So you’ve managed to finally build your startup from the mere dreams they had once been in your head.
You’ve managed to hire some quality employees, got a cool-looking website running, and everything seems like it’s off to a great start.
However, you’re looking to land your first big client, and you’re scrambling to do everything right. You’re making a great presentation, using a proposal template to sweep them off their feet at first glance—but how sure are you that you will get them hook, line, and sinker?
Here are some tips to remember to finally bag that big client:
1. Study Them
Do your research. Do some background reading. Look into the clients’ past, and beyond its flashy and alluring exterior.
Know everything that there is to know about that client, because everything ultimately boils down to one fact: It isn’t about you. It’s about the client.
Sure, you’re confident in your own company and what it sets out to do. But landing a big client isn’t about showing off what you’re capable off. You should show them what you can do—and only you can do spectacularly—for the client.
What can you offer that can vastly improve your client’s goals? What do you think they should improve upon? And more importantly, how can you help them get there?
With these in mind, you’re well on your way on convincing your client that there’s nobody out there but you who can do a great job for them.
It’s all about connections.
Once you present an amazing pitch, it’s going to fail if it falls on deaf ears, or if it does not connect to anyone.
One quick way to get around this is to identify which person makes the decision. It should be easy to tell, especially when you’re pitching to a group of people; the decision maker will stand out.
Talking to the wrong people will only be a waste of time. Partnering with the right people, with whom you can connect and communicate your shared goals and objectives with, will only take you to success.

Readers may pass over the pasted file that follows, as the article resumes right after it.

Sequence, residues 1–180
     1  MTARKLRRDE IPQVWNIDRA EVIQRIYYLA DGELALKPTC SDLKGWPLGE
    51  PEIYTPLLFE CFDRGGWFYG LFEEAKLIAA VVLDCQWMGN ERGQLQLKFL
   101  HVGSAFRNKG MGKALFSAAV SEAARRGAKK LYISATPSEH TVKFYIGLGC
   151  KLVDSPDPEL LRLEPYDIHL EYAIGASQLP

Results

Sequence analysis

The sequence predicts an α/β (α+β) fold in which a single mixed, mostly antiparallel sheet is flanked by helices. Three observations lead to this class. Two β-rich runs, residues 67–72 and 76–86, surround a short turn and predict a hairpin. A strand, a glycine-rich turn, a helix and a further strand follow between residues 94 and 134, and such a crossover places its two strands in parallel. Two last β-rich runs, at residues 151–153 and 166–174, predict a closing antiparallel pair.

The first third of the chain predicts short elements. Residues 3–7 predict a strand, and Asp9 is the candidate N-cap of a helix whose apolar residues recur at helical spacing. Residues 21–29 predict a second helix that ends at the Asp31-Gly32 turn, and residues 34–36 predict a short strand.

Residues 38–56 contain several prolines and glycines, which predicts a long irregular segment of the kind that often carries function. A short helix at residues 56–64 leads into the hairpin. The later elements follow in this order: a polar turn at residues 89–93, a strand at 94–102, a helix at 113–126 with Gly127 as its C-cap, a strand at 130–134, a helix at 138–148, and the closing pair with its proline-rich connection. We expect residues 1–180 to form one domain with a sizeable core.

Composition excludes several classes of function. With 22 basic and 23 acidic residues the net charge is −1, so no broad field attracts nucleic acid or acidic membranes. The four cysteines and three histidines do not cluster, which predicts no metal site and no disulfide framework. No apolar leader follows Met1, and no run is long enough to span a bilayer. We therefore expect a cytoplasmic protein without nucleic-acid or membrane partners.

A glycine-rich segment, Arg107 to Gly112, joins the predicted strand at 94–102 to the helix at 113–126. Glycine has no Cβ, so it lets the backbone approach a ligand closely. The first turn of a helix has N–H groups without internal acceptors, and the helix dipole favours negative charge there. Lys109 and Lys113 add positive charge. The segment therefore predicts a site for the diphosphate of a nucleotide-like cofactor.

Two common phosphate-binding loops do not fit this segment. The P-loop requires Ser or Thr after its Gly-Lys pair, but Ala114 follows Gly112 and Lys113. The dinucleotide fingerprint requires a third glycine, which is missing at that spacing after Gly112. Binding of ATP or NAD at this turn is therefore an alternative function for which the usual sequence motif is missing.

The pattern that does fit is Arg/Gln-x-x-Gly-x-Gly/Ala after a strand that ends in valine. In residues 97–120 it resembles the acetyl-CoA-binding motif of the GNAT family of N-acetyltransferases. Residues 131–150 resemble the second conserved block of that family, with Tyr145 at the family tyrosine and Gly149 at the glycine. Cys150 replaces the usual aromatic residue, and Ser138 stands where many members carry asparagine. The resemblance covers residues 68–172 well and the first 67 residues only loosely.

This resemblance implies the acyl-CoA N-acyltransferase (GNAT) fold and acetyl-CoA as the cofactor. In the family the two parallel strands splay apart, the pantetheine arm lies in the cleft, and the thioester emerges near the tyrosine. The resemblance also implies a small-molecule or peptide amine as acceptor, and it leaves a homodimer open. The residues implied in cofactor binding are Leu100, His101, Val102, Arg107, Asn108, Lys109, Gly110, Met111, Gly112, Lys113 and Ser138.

And it doesn’t have to be the big boss! It could be someone else internally—like a creative director. Or a marketing director, who may seem to have small roles, but actually handle quite a large chunk of a company’s direction.
3. Think Big
As a small startup in the face of a big client, you may tend to shortchange yourself. Don’t do it!
This usually leads to bad client relations, as eventually you will be led to think you are being underpaid for the work that you do. Know your worth, and know that the work ahead of you will be so much more than you bargained for—so you might as well earn more for your efforts. Big companies will also be willing to shell out more for quality work. Underestimating yourself will only lead to them taking advantage of you, and bargaining for even cheaper pay for heavier workloads.
4. Build Your Portfolio
Sometimes the best way is smaller paths you’ve already paved to get there.
Before landing your biggest client, take on small clients that showcase what you can do best. You can start building a good reputation this way, even before you land a big client.
Boost your visibility by making your presence known through events, introducing yourself to people, and most importantly, doing spectacular work—even on a small scale. Your good reputation will eventually precede you, and any big company would be convinced that working with you will be the best decision they have ever made.